"Limited" Role for US Troops to Stabilize Liberia
Bush Open to a "Limited" Role for U.S. Troops to Stabilize Liberia
Says deployment conditional on President Charles Taylor leaving
By Wendy S. Ross
Washington File White House Correspondent
President Bush said July 14 that he is open to deploying U.S. troops for a "limited" role in stabilizing Liberia, but again made clear that Liberia's President Charles Taylor must leave.
Helping the Economic Community of West African States (ECOWAS) enforce a cease-fire in the war-torn West African nation "may require troops. We don't know how many yet," Bush said following a meeting in the Oval Office with United Nations Secretary General Kofi Annan.
"Any commitment we have would be limited in size and limited in tenure. Our job would be to help facilitate an ECOWAS presence, which would then be converted into a U.N. peacekeeping mission," said Bush.
A U.S. military team in the region is still deciding "what is necessary from our side to fulfill the commitment I have made that we will help maintain the cease-fire -- by the way, this is conditional on Mr. Taylor leaving," Bush said.
Anan discussed the outlines of a plan under which ECOWAS would deploy forces to Liberia: Taylor would leave; U.S. forces would be sent to buttress ECOWAS; U.S. forces would leave and the operation would turn into a U.N. peacekeeping mission.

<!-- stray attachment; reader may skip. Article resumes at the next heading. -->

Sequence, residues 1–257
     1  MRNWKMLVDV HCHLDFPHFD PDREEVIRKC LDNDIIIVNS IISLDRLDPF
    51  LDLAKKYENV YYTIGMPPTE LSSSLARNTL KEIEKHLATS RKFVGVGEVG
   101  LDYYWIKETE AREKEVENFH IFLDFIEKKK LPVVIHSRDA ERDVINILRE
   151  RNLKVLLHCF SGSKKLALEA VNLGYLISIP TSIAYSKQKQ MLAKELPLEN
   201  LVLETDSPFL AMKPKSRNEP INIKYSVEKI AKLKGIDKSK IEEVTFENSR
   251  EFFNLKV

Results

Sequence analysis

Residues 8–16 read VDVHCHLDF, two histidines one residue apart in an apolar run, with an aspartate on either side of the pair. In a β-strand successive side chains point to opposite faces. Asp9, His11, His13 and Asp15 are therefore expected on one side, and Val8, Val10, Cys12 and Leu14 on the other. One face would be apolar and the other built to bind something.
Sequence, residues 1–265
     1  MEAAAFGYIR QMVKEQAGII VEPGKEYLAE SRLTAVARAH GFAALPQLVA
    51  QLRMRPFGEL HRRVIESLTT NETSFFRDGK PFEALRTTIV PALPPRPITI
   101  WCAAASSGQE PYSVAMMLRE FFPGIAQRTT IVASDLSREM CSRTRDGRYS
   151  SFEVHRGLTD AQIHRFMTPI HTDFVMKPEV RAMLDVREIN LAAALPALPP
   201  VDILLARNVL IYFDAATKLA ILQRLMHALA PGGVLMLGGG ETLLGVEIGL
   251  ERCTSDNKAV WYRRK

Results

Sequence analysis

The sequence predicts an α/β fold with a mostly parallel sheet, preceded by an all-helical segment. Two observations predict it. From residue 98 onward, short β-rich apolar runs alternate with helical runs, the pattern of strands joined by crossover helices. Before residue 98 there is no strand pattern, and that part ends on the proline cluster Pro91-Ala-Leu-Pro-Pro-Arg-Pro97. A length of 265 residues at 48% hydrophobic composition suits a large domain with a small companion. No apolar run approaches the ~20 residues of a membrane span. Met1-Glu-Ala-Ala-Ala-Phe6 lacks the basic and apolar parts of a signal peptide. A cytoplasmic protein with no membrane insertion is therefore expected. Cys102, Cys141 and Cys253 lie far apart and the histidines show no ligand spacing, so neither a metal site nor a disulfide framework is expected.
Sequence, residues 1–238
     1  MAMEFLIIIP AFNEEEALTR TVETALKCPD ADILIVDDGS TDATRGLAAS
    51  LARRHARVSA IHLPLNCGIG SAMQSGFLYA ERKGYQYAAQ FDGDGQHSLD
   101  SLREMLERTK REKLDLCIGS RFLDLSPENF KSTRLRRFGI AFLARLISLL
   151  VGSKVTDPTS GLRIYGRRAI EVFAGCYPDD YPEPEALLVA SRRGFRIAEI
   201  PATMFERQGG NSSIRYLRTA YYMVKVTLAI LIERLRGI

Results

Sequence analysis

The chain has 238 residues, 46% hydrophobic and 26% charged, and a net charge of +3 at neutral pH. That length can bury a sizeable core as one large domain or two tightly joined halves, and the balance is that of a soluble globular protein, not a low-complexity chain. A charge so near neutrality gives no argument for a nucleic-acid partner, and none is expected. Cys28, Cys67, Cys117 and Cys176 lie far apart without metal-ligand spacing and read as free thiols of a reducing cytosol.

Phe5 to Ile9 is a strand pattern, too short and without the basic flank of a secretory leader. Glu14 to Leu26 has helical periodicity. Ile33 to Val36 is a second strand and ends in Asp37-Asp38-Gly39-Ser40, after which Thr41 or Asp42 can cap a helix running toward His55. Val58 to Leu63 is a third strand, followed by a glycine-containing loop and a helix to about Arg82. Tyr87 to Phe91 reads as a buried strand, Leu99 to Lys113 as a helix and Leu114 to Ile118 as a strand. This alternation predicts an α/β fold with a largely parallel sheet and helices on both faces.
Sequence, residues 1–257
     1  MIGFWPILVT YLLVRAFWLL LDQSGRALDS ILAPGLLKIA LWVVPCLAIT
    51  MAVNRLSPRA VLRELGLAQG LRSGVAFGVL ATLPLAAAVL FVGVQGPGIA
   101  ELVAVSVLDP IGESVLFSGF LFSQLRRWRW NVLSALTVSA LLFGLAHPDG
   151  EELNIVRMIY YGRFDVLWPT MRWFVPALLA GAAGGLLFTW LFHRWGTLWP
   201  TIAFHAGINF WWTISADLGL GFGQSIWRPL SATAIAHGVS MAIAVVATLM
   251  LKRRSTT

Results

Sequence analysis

"We have more or less agreed to a general approach on the Liberian issue, and I am very pleased with that," Annan said.
Bush did not spell out the details of the U.S. role but emphasized that he had told Annan that any forces Washington sends will not go as U.N. peacekeepers, who wear signature blue helmets.
"There must be a U.N. presence quickly into Liberia," said Bush. "He and I discussed how fast it would take to blue-helmet whatever forces arrive -- other than our own, of course. We would not be bluehelmeted."
"We would be there to facilitate and then to leave," said Bush.
Asked when he hoped to make a final determination of the U.S. role in Liberia, Bush replied: "As soon as possible."
Bush, who returned to Washington July 12 after a five-day trip to sub-Saharan Africa, also said he hoped to make headway in helping to battle the spread of HIV/AIDS, citing his five-year, $15 billion plan to combat the pandemic.
Bush and Annan said they also discussed the Middle East peace process and the situation in Iraq.
(The Washington File is a product of the Bureau of International Information Programs, U.S. Department of State. Web site: http://usinfo.state.gov)